Mary the Moon

             These past nights the sky has been clear where I live, and the moon full.  It was really the most beautiful sight. The soft glow in the dark sky was so lovely.  It was then that I recalled the lesson from my science class. The moon has no light of its own.  What we see is the reflected light on the moon from the sun. This brought back to me a prayer that we said when I was in high school.  It began: “Jesus the Sun, Mary the Moon”

            And isn’t that appropriate.  Mary, our mother, and Jesus’ mother, was just a simple human being like you and me.  She is not God; she has no light of her own; she lives in the reflection of the brightness of her SON.  Without Jesus, Mary would not be noted for much of anything just like all the other young maidens in Nazareth.

            Jesus made all the difference in her life as her Magnificat proclaims.  So the Moon as a symbol of Mary is most fitting.

            Mary is the quiet one, mostly behind the scenes, just as the moon isn’t noticed much unless you are looking for it.  Sometimes it fades from view completely, as Mary often does in the Gospel narrative.  Not so the Sun.  It is always noticed, and it should be.

            The Son/Sun sustains life; The Mary/Moon enhances the Son/Sun’s work by being a serene reflector of it.  Mary is a guiding force for us in our daily lives.  Without her we might be at a loss to realize that we, simple human beings that we are, can reflect the life and love of God. The moon, by controlling the seasons, and keeping the seas active enhances our lives here on earth.  Without the moon the seas would be flat and soon would become stagnant or dry up.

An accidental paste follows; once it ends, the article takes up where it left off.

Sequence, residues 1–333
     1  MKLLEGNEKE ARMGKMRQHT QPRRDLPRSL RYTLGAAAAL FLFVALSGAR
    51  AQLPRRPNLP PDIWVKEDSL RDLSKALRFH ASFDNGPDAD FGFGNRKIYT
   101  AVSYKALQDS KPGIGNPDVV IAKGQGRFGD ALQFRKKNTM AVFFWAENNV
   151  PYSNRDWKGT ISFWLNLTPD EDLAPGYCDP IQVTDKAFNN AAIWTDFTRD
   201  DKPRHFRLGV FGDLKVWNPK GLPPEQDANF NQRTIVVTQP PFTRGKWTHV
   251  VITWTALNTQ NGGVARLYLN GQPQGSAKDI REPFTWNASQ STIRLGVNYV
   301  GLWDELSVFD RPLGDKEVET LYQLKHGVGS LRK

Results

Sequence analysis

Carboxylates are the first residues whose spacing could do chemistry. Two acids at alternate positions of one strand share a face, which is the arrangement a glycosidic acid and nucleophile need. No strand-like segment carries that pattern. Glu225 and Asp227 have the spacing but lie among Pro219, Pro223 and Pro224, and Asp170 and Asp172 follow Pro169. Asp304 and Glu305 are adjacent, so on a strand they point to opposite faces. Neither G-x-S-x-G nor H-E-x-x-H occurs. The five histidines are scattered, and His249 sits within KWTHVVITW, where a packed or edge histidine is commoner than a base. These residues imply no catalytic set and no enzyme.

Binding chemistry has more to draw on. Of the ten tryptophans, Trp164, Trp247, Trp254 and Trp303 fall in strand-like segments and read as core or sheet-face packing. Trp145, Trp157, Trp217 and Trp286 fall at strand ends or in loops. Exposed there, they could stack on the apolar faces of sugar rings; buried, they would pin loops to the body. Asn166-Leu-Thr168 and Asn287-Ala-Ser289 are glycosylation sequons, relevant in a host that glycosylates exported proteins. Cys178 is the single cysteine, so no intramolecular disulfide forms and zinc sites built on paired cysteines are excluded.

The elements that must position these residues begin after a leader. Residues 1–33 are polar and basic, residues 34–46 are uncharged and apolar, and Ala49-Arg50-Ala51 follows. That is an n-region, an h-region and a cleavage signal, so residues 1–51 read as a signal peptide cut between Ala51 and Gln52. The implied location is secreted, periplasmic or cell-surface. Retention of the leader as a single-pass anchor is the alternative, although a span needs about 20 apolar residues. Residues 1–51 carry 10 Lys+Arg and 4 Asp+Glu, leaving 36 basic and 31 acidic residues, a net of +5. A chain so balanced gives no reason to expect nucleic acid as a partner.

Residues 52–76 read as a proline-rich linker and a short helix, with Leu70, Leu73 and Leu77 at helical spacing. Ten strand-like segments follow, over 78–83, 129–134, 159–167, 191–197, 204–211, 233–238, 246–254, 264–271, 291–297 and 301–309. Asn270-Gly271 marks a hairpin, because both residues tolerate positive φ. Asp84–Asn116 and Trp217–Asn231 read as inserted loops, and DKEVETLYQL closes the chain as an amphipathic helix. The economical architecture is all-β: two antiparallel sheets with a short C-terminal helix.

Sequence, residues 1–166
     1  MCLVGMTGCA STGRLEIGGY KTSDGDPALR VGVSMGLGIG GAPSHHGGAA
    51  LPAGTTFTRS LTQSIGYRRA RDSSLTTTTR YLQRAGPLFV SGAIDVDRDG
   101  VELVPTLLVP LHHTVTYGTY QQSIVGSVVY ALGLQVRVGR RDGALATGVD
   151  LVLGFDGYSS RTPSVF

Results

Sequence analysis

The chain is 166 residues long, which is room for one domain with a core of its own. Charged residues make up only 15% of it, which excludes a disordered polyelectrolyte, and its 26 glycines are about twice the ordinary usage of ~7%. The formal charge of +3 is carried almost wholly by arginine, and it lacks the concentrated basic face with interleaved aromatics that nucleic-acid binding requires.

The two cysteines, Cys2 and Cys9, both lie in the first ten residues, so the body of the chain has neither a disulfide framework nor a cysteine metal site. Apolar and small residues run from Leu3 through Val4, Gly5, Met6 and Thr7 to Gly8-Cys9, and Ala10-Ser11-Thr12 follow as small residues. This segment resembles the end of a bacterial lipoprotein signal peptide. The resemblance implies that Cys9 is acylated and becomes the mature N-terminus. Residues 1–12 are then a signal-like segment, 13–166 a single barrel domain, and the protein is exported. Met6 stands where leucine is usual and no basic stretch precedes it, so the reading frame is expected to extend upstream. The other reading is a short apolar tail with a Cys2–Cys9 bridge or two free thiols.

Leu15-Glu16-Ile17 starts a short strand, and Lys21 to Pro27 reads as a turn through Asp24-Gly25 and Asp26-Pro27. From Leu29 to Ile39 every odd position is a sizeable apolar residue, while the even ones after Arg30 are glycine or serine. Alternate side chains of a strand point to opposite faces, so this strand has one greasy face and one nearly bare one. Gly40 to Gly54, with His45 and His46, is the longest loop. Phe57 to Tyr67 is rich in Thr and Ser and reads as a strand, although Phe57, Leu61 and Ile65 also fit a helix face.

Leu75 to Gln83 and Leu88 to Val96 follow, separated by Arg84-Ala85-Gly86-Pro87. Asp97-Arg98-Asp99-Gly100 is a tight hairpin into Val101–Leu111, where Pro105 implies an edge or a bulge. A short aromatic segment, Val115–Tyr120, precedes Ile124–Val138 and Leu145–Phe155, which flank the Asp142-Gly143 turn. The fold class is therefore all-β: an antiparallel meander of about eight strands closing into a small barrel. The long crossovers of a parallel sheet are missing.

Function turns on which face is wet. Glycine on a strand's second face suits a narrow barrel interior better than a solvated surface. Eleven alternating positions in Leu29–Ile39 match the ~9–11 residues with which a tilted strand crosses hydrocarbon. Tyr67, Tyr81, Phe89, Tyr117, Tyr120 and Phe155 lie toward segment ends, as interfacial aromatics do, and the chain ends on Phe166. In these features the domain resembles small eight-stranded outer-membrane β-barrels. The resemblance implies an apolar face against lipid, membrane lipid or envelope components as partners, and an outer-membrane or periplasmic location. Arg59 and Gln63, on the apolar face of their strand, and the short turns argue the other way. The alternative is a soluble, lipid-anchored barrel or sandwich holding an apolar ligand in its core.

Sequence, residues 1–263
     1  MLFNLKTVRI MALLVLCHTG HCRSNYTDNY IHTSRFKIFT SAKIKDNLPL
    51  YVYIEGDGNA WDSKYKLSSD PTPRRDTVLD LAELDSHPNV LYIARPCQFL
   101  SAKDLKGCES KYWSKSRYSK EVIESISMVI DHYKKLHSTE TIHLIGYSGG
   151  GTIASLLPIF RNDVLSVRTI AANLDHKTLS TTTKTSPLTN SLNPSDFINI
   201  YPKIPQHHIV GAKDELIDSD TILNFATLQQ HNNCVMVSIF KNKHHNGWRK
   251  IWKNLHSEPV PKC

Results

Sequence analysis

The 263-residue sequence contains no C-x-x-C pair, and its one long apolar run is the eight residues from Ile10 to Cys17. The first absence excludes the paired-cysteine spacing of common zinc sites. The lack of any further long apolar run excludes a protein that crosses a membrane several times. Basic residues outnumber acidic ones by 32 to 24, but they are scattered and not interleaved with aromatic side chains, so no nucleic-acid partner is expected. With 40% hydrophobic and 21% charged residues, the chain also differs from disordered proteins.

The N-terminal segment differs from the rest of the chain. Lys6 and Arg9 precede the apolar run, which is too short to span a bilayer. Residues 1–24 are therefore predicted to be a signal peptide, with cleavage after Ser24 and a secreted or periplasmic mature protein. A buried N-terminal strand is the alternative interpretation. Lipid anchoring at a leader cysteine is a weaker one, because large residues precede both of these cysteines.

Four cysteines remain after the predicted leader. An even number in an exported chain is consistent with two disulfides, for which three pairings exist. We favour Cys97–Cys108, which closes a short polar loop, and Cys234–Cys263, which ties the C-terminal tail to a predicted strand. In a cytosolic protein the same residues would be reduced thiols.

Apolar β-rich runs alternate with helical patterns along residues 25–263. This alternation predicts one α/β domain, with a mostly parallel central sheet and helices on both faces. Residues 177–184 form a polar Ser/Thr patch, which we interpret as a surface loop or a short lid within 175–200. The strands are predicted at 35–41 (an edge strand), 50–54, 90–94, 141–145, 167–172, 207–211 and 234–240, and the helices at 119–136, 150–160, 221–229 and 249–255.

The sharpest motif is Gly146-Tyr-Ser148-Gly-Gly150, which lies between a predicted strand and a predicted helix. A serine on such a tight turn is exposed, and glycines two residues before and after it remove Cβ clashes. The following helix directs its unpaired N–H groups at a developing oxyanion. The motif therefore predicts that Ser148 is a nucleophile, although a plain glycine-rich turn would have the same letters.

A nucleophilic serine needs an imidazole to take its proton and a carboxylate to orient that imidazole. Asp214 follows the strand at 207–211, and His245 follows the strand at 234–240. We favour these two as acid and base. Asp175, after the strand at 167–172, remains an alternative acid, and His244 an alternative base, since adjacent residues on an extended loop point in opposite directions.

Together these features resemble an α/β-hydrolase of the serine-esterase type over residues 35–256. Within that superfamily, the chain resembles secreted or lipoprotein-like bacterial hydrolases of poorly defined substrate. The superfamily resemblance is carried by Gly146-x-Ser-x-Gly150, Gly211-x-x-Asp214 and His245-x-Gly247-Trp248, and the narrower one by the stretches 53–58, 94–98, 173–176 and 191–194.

How about us then?  We cannot be a grand life-giving force.  But we can become a grand reflection of that awe-some grandeur that is God.  And Mary is our model.

            Jesus the Sun, Mary the Moon!

            Let the moon always remind you of our gentle Mother Mary, and may YOU be a moon that reflects the divine beauty.

Peace, Joy, and Everything Good,

S. Sharonlu Sheridan, OSF, Educator
Oldenburg Franciscan Center

Waiting

The season of Advent seems short, but the time it signifies is very long. Unlike the Lenten season, where we concentrate on our sinfulness and seek reconciliation with our God, in Advent we have the task of anticipating,  of connecting with the ancestors of Jesus as they waited for the Messiah approximately 4,000 years.  It was when Gabriel announced to Mary that she was to be the Mother of the Savior that the long wait was over.

Imagine Mary preparing for the trip to Bethlehem.  She is more than eight months pregnant, but she goes about the selecting of clothes for the baby soon to be born, and things she will need to care for herself and the child, as well as her husband Joseph.  As you prepare to visit children or relatives, join with Mary in her anticipation of the birth of Jesus.

The circumstances of housing when they came into Bethlehem were less than one would expect.  But Mary, like you, knew how to make do.  The Manger was small, and had sides to it.  Straw was available, and the Lord of Heaven and Earth slept there.  Do we have reason to complain when accommodations on a trip aren’t good?

Sheep are not the cleanest animals, and their woolly scent can be very hard to take sometimes.  Shepherds carry that scent with them, and being watchers in the night, have less chance for washing so they may be less than easy to be with.  But they are the ones chosen to see the Christ Child first!  Poor, unclean, uneducated, rough and gruff, but CHOSEN!

What can you do this Christmas for those who are most like the shepherds?

My wish for you is:

Peace, the peace only God can give;

Joy, the joy that comes from giving; and

All Good, and that can only be God.

S. Sharonlu Sheridan, OSF, Educator
Oldenburg Franciscan Center